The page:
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Group rallies for North Dakota diversion

FARGO More than 100 local residents gathered Wednesday to raise their voices against a Minnesota flood diversion. "We're a bunch of nobodies," Moorhead resident Marc Nokken said. "We tried to be quiet, polite. Then nothing happened." That's when ...

FARGO

More than 100 local residents gathered Wednesday to raise their voices against a Minnesota flood diversion.

"We're a bunch of nobodies," Moorhead resident Marc Nokken said. "We tried to be quiet, polite. Then nothing happened."

That's when they decided to band together in a group called Citizens for a North Dakota Diversion.

Their hope is to send a message to policymakers by showing support for a North Dakota diversion.

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"It just doesn't make sense to go here," Moorhead resident Vic Krabbenhoft said. "It's too detrimental."

The group is collecting signatures for a petition supporting a North Dakota diversion. Plans are to present it to the Minnesota congressional delegation.

"If this is going to be a local decision and we're going to pay for it, we need to talk," Clay County farmer Mike Astrup told residents. "They need to know your thinking as well."

A preliminary analysis by the U.S. Army Corps of Engineers concluded that diversion options would cross fewer tributaries and be less expensive in Minnesota.

That may be, residents said Wednesday, but they argue that a Minnesota diversion doesn't make sense because of the higher elevation on the Minnesota side of the Red River. Plus, they say, with a North Dakota diversion, fewer acres would be flooded.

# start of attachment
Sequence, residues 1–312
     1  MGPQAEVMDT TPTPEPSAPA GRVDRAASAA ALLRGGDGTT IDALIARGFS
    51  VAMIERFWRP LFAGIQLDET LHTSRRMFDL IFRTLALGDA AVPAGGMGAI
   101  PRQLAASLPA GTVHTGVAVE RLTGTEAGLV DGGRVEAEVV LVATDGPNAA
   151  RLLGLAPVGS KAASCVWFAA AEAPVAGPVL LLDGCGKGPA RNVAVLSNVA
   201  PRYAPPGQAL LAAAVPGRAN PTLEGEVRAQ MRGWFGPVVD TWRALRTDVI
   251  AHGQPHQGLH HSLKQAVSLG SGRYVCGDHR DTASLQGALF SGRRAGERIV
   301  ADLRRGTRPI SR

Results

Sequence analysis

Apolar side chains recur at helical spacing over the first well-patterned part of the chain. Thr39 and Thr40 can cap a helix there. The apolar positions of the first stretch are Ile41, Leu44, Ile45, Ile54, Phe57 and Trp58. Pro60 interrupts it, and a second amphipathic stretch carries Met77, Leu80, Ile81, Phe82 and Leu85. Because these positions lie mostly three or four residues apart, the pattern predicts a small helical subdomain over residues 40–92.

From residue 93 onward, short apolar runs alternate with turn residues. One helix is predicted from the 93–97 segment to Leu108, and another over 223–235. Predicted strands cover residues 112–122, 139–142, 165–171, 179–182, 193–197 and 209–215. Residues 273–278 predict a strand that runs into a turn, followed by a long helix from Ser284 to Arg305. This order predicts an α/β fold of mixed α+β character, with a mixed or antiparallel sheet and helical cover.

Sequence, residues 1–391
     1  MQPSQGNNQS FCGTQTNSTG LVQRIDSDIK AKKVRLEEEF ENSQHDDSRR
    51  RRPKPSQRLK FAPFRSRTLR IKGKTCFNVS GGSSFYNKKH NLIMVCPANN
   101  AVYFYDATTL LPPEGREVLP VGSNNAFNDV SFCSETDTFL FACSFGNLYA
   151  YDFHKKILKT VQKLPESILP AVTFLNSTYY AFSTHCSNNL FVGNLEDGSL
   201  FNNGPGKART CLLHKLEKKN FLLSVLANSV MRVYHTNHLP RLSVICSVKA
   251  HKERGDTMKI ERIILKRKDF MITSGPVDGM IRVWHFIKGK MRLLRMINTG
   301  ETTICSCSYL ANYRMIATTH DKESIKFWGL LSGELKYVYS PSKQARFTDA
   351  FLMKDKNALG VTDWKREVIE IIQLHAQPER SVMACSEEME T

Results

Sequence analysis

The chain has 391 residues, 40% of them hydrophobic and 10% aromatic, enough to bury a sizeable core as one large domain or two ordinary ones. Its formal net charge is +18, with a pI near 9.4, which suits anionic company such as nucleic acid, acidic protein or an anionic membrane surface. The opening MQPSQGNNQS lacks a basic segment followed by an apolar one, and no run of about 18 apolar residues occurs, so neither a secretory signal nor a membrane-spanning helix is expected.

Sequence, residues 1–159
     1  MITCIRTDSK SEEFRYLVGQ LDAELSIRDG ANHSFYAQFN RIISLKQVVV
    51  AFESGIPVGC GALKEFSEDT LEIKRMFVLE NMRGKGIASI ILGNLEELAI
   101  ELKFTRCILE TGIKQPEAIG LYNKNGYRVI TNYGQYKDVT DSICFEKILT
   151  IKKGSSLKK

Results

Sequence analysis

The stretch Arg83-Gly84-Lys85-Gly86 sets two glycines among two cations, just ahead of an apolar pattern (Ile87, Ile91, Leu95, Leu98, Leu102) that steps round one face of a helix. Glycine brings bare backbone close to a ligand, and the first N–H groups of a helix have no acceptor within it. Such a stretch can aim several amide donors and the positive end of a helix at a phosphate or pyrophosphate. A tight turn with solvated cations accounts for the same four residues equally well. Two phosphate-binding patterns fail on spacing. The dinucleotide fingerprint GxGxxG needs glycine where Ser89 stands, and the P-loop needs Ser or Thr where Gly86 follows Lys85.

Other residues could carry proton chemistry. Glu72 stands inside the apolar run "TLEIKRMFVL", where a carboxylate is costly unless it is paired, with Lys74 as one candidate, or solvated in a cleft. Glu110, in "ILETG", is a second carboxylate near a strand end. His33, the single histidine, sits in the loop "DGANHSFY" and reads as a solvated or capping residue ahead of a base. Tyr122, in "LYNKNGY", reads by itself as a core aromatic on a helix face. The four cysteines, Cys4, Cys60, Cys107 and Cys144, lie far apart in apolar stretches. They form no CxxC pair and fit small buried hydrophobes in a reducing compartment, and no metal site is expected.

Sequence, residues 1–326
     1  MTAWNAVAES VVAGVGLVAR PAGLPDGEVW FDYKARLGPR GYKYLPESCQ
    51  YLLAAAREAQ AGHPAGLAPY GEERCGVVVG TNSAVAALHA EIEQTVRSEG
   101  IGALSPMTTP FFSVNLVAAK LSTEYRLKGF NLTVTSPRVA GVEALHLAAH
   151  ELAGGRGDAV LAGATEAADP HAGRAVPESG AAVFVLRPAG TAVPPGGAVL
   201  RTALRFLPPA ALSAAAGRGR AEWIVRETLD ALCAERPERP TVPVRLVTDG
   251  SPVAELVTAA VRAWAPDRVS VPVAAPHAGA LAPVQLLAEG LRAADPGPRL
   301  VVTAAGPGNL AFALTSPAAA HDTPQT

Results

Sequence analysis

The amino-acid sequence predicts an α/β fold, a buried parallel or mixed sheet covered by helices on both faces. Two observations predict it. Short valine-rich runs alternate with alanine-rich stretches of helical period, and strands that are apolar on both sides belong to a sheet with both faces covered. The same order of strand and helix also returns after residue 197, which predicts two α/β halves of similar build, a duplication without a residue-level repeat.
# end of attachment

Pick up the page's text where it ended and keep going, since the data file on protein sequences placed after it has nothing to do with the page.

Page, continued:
"It's frustrating - common sense does not prevail," Nokken said.

They also argue that North Dakota and Minnesota residents favor a North Dakota diversion.

"It's interesting; every governmental agency in the area, with the exception of Fargo, has said we would prefer a North Dakota diversion," Astrup said.

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That leaves residents like Dean Jacobsen convinced that a Minnesota diversion isn't the way to go. With his land being affected by it, the proposed diversion seems to have little benefit and big consequences.

"It is for a lot of people here," he said.

The group plans to continue to meet to discuss plans and show its support for a North Dakota diversion.

"The stakes are high, the costs are high, and this is forever," Astrup said. "This affects quality of life for generations."

The Forum of Fargo-Moorhead and the Herald are Forum Communications Co. newspapers.

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